“She had a slender, small body but a large heart – a heart so large that everybody’s grief and everybody’s joys found welcome in it and hospitable accommodation. The greatest difference which I find between her and the rest of the people whom I have known is this, and it is a remarkable one: those others felt a strong interest in a few things, whereas to the very day of her death she felt a strong interest in the whole world and everything and everybody in it. In all her lifeshe never knew such a thing as a half-hearted interest in affairs and people, or an interest which drew a line and left out certain affairs and was indifferent to certain people. The invalid who takes a strenuous and indestructible interest in everything and everybody but himself, and to whom a dull moment is an unknown thing and an impossibility, is a formidable adversary for disease and a hard invalid to vanquish. I am certain that it was this feature of my mother’s make-up that carried her so far toward ninety.”
– Mark Twain
Source: The Autobiography of Mark Twain
“Perhaps it is easy for those who have never felt the stinging darts of segregation to say, ‘Wait.’ But when you have seen vicious mobs lynch your mothers and fathers at will and drown your sisters and brothers at whim; when you have seen hate filled policemen curse, kick and even kill your black brothers and sisters; when you see the vast majority of your twenty million Negro brothers smothering in an airtight cage of poverty in the midst of an affluent society; when you suddenly find your tongue twisted and your speech stammering as you seek to explain to your six year old daughter why she can’t go to the public amusement park that has just been advertised on television, and see tears welling up in her eyes when she is told that Funtown is closed to colored children, and see ominous clouds of inferiority beginning to form in her little mental sky, and see her beginning to distort her personality by developing an unconscious bitterness toward white people; when you have to concoct an answer for a five year old son who is asking: ‘Daddy, why do white people treat colored people so mean?’; when you take a cross county drive and find it necessary to sleep night after night in the uncomfortable corners of your automobile because no motel will accept you; when you are humiliated day in and day out by nagging signs reading ‘white’ and ‘colored’; when your first name becomes ‘nigger,’ your middle name becomes ‘boy’ (however old you are) and your last name becomes ‘John,’ and your wife and mother are never given the respected title ‘Mrs.’; when you are harried by day and haunted by night by the fact that you are a Negro, living constantly at tiptoe stance, never quite knowing what to expect next, and are plagued with inner fears and outer resentments; when you are forever fighting a degenerating sense of ‘nobodiness’–then you will understand why we find it difficult to wait. There comes a time when the cup of endurance runs over, and men are no longer willing to be plunged into the abyss of despair. I hope, sirs, you can understand our legitimate and unavoidable impatience. You express a great deal of anxiety over our willingness to break laws. This is certainly a legitimate concern. Since we so diligently urge people to obey the Supreme Court’s decision of 1954 outlawing segregation in the public schools, at first glance it may seem rather paradoxical for us consciously to break laws. One may well ask: ‘How can you advocate breaking some laws and obeying others?’ The answer lies in the fact that there are two types of laws: just and unjust. I would be the first to advocate obeying just laws. One has not only a legal but a moral responsibility to obey just laws. Conversely, one has a moral responsibility to disobey unjust laws. I would agree with St. Augustine that ‘an unjust law is no law at all.'”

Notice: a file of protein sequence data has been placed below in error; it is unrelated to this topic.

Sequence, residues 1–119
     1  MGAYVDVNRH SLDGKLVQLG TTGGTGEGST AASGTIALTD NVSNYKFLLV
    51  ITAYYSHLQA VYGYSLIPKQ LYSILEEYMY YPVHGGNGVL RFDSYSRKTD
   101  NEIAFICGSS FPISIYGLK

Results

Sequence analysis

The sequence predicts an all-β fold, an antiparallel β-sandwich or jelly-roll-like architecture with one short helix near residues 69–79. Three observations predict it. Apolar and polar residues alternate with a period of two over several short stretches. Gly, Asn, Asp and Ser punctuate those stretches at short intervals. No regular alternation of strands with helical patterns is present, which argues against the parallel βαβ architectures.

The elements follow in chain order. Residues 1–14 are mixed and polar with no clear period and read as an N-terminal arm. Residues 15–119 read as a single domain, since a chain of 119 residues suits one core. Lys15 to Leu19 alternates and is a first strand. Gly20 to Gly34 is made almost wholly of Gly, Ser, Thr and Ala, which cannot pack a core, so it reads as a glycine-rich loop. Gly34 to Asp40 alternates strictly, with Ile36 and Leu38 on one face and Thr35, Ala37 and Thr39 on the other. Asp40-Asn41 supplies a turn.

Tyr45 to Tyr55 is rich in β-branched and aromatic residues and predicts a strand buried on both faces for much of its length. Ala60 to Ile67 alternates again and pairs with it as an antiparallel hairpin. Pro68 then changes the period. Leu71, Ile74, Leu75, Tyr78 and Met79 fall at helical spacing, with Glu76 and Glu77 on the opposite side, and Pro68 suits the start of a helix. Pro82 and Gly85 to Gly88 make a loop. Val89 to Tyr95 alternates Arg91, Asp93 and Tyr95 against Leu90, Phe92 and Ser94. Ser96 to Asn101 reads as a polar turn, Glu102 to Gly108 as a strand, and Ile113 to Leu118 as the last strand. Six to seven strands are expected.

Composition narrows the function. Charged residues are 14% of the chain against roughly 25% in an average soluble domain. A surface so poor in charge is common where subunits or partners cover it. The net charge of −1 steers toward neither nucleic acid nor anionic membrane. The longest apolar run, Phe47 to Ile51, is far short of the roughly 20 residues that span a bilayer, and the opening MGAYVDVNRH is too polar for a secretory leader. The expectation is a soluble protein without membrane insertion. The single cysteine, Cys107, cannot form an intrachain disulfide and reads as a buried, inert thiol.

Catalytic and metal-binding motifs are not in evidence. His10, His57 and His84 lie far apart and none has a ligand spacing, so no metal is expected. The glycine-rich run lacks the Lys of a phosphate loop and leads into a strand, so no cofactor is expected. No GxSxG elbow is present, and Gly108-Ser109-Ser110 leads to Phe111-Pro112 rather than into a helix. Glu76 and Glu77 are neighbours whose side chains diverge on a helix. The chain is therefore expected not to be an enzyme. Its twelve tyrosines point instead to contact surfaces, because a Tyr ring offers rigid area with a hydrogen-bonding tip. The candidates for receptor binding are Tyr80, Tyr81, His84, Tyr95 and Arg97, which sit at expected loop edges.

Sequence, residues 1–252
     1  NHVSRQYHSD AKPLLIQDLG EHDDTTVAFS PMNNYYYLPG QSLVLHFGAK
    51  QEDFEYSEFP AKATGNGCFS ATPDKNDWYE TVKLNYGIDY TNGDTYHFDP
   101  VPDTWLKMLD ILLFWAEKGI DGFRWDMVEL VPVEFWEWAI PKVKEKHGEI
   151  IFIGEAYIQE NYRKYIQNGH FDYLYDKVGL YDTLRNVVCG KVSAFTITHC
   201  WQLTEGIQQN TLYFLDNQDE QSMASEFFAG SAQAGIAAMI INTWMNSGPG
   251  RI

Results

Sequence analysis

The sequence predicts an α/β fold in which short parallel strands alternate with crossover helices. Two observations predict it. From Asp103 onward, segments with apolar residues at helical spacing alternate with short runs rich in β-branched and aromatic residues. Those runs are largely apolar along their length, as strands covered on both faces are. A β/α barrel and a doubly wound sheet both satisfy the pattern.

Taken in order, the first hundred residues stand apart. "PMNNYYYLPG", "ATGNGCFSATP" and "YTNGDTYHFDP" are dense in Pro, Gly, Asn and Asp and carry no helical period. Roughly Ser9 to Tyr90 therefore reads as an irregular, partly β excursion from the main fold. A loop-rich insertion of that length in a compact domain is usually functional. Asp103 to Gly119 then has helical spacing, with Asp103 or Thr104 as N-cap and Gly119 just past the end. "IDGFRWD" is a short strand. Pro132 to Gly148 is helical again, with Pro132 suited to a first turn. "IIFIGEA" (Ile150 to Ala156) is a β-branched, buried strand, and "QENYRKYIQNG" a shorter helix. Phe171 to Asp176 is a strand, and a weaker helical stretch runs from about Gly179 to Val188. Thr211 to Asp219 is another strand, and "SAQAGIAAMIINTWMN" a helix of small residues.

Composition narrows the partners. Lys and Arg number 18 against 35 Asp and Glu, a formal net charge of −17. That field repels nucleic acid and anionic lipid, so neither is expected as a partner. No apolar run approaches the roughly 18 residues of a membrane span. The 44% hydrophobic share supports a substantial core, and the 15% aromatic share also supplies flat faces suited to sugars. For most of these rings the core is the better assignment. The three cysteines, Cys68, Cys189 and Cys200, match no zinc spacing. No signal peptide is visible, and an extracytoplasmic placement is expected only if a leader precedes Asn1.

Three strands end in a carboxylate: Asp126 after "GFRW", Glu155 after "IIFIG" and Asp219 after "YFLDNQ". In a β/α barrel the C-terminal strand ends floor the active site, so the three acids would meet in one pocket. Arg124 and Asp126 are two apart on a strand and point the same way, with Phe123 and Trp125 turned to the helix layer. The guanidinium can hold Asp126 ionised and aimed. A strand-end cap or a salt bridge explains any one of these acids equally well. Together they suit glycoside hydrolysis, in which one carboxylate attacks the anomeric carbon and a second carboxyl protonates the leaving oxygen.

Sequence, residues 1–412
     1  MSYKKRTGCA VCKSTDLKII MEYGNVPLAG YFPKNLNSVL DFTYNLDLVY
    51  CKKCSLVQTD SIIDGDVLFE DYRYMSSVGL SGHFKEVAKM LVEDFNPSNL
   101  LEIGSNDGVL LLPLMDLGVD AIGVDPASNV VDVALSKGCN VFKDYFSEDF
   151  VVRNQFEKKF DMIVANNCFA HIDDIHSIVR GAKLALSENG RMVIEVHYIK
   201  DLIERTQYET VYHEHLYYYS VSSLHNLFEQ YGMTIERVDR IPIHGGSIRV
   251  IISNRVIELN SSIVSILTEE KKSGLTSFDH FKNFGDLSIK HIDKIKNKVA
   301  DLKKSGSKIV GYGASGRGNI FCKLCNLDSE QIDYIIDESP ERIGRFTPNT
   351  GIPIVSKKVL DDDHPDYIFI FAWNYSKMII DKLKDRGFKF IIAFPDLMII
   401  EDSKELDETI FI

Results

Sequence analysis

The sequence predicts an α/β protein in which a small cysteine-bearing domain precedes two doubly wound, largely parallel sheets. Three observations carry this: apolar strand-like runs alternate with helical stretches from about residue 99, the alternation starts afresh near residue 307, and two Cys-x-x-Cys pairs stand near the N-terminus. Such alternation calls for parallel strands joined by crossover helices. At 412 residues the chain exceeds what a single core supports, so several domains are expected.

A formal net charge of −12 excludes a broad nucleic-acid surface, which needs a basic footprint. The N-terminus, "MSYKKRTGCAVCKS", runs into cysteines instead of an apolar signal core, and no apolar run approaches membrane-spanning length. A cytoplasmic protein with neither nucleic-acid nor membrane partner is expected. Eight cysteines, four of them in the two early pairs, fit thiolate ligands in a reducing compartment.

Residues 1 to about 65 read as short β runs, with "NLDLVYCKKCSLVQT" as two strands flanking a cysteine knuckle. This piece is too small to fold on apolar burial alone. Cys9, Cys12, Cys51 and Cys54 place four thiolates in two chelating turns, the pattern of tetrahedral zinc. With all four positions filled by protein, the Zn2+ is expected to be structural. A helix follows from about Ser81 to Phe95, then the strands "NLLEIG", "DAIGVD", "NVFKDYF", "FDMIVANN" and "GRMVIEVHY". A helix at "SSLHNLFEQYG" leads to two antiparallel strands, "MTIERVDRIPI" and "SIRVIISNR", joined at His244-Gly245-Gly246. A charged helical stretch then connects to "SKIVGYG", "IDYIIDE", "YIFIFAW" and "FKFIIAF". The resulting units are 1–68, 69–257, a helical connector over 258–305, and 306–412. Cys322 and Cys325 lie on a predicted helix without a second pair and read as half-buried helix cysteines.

– Martin Luther King Jr.
Note: photo is of Martin with his family.
They dubbed themselves the “Men of Bronze,” but were nicknamed the “Harlem Hellfighters” by the Germans for their toughness. A regiment made up mostly of African Americans, they spent over six months in combat during WWI. And over that time, they never lost a man through capture, or a trench, or a foot of ground to the enemy.
The regiment would earn two Medals of Honor and many Distinguished Service Crosses.
Sources: https://bit.ly/2zKd0n6, https://to.pbs.org/1l5uCuK